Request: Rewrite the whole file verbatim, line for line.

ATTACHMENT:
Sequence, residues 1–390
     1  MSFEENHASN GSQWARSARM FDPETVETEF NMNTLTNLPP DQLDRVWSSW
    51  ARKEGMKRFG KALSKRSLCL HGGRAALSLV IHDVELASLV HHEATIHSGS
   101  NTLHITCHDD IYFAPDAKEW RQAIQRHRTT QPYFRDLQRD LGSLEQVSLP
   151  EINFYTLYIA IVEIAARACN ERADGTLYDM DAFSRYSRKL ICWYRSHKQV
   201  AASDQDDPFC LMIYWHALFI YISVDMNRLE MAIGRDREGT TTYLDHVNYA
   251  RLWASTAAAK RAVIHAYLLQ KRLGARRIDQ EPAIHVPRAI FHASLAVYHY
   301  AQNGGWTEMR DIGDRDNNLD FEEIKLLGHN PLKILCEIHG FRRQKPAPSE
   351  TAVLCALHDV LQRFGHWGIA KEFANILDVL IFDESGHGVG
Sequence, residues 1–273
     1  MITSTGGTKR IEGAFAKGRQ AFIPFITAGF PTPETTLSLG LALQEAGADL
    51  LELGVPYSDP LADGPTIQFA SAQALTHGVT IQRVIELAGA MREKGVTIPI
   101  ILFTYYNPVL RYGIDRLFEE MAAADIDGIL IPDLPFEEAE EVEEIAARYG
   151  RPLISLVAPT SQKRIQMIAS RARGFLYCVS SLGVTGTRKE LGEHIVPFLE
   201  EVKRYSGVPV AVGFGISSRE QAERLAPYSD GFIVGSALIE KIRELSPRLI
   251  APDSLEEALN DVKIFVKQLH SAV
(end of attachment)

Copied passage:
Sequence, residues 1–390
     1  MSFEENHASN GSQWARSARM FDPETVETEF NMNTLTNLPP DQLDRVWSSW
    51  ARKEGMKRFG KALSKRSLCL HGGRAALSLV IHDVELASLV HHEATIHSGS
   101  NTLHITCHDD IYFAPDAKEW RQAIQRHRTT QPYFRDLQRD LGSLEQVSLP
   151  EINFYTLYIA IVEIAARACN ERADGTLYDM DAFSRYSRKL ICWYRSHKQV
   201  AASDQDDPFC LMIYWHALFI YISVDMNRLE MAIGRDREGT TTYLDHVNYA
   251  RLWASTAAAK RAVIHAYLLQ KRLGARRIDQ EPAIHVPRAI FHASLAVYHY
   301  AQNGGWTEMR DIGDRDNNLD FEEIKLLGHN PLKILCEIHG FRRQKPAPSE
   351  TAVLCALHDV LQRFGHWGIA KEFANILDVL IFDESGHGVG
Sequence, residues 1–273
     1  MITSTGGTKR IEGAFAKGRQ AFIPFITAGF PTPETTLSLG LALQEAGADL
    51  LELGVPYSDP LADGPTIQFA SAQALTHGVT IQRVIELAGA MREKGVTIPI
   101  ILFTYYNPVL RYGIDRLFEE MAAADIDGIL IPDLPFEEAE EVEEIAARYG
   151  RPLISLVAPT SQKRIQMIAS RARGFLYCVS SLGVTGTRKE LGEHIVPFLE
   201  EVKRYSGVPV AVGFGISSRE QAERLAPYSD GFIVGSALIE KIRELSPRLI
   251  APDSLEEALN DVKIFVKQLH SAV